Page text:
India’s main opposition Congress party President Rahul Gandhi speaks during a public meeting at Adalaj in Gandhinagar, India, March 12, 2019. VOA

On the campaign trail, the head of the main opposition Congress Party, Rahul Gandhi, who is seen as Modi’s principal challenger, talks repeatedly about a “jobs crisis.”

“Our government is refusing to accept that we have a massive crisis and potential disaster in front of us,” Gandhi told a group of university students in New Delhi recently, many who will be first time voters.

Modi’s Bharatiya Janata Party dismisses concerns about the job data saying it does not capture the real picture because it focuses only on the 15 percent of Indians who work in the formal economy. It points to a recent industry report that jobs have been created in the medium and small sectors.

The BJP says millions of people have found work in the transport and infrastructure sectors or as delivery boys in booming online businesses as India becomes one of the world’s fastest growing major economies. They point out that the issue is not jobs but livelihoods, and point to millions of people who are not counted in job data.

They are self-employed people like cab owner Chain Pal Singh. As the app based taxi business boomed, Singh’s friend, who operated a cab, persuaded him to quit his job and take out a loan to buy a car. His decision has paid off — in four years he has earned enough money to invest in two more cabs.

Singh says he is much better off than when he held a job. “I used to earn about $225 dollars a month. Now in some months I can earn almost double that amount. Its beneficial for me.”

Following defeats in key state elections in December, Prime Minister Narendra Modi told parliament last month, “This truth has to be acknowledged. The unorganized sector has 80 to 85 percent of the employment.” He pointed to millions of commercial vehicles sold in recent years and questioned if they had not generated jobs for drivers.

Economists admit India’s large informal sector has made it difficult to calculate employment, but they say joblessness or underemployment remains the country’s biggest challenge. While scarcity of jobs is not a new problem, two disruptive economic steps in the last two years exacerbated the problem.

In 2016 a sweeping currency ban meant to tackle the problem of illegal cash, dried up jobs as it created huge currency shortages, particularly in small businesses and in the countryside. A poorly-implemented tax reform known as the Goods and Services Tax a few months later was another blow to businesses.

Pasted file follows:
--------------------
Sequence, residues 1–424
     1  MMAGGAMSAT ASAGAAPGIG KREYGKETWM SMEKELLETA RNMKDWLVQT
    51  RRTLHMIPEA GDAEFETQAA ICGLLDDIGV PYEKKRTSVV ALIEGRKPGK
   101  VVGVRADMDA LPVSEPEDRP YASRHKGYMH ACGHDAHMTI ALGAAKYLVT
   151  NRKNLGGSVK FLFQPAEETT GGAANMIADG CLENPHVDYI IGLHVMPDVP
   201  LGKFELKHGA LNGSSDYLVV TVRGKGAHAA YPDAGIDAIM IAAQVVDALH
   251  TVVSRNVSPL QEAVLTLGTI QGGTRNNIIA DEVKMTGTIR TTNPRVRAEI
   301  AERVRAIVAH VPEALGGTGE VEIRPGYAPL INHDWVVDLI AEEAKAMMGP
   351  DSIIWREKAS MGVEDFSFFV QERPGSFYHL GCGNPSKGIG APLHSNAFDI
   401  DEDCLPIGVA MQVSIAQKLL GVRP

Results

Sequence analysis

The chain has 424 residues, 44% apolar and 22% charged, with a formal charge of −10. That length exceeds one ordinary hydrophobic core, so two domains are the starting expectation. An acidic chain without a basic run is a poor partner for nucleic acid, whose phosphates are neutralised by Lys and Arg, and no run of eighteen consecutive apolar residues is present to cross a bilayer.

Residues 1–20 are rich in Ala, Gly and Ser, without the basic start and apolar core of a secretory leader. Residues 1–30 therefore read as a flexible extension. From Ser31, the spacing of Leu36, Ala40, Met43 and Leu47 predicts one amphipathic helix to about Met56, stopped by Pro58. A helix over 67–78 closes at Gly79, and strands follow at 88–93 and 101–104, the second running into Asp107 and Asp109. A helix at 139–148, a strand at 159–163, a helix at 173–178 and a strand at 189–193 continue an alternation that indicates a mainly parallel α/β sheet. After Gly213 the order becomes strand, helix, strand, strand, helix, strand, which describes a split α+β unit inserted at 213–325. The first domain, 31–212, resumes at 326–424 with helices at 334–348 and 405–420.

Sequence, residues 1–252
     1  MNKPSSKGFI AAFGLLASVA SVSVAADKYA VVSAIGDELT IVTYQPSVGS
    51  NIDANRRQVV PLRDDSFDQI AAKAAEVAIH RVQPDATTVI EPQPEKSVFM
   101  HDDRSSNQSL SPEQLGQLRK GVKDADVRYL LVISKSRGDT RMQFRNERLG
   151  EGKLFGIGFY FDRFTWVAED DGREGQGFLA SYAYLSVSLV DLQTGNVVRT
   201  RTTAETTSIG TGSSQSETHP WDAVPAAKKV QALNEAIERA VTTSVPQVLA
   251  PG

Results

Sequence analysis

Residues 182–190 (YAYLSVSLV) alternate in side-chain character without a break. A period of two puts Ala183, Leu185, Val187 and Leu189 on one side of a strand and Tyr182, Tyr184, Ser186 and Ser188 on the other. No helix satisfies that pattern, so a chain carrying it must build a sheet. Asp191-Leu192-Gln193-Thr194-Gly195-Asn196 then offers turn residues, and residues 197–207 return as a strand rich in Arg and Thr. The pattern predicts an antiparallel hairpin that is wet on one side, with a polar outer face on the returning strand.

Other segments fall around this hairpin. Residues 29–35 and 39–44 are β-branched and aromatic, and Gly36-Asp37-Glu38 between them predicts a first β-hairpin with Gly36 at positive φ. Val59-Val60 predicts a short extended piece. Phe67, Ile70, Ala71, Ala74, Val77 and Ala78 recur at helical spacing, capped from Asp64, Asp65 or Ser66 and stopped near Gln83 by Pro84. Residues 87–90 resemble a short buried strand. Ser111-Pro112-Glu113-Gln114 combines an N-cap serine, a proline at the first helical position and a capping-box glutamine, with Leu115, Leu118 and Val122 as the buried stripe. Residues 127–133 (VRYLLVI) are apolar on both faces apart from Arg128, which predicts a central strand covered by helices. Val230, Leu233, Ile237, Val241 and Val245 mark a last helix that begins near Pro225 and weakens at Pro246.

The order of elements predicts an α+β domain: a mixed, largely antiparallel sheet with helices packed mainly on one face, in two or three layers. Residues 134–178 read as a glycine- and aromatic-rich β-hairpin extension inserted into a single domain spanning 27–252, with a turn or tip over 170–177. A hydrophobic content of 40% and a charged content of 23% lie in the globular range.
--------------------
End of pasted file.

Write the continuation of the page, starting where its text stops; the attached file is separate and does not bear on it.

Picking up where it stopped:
Meanwhile, Modi’s “Made in India” campaign, which aimed at making India a manufacturing hub like China, has made a slow start and sluggish labor-intensive sectors cannot cater to growing numbers of job seekers.

“We can’t keep patting ourselves on the back that we are the fastest growing economy specially if all these other indicators are not growing at a rate that will absorb the growing labor force,” says Santosh Mehrotra, a human development economist at the Jawaharlal Nehru University in New Delhi.

“More young people are entering the labor force, millions want to leave agriculture but can’t find construction work because construction activity has slowed down because the investment rate in the economy has slowed down.”

Also Read: The Mental Health ‘Epidemic’: About Six in Ten Teen Say, They Feel A Lot Of Pressure To Get Good Grades

He points out that exports, another sector that created a number of jobs has also not been performing well.

As the campaign heats up, the opposition will try to keep the spotlight on jobs, or lack of them, even as the BJP tries to focus on national security following a recent confrontation with Pakistan. The final verdict on whether to give Prime Minister Modi a second term in office will be delivered by millions of voters when they cast their ballots. (VOA)

One response to “Are There Enough Jobs In Prime Minister Narendra Modi’s Led India?”

  1. If the employment picture is bleak despite the construction of so many more Kilometers of roads, railways, air ports, bridges, toilets and other infrastructures compared to the five or even ten years of UPA government, imagine where we would be if we had UPA III government .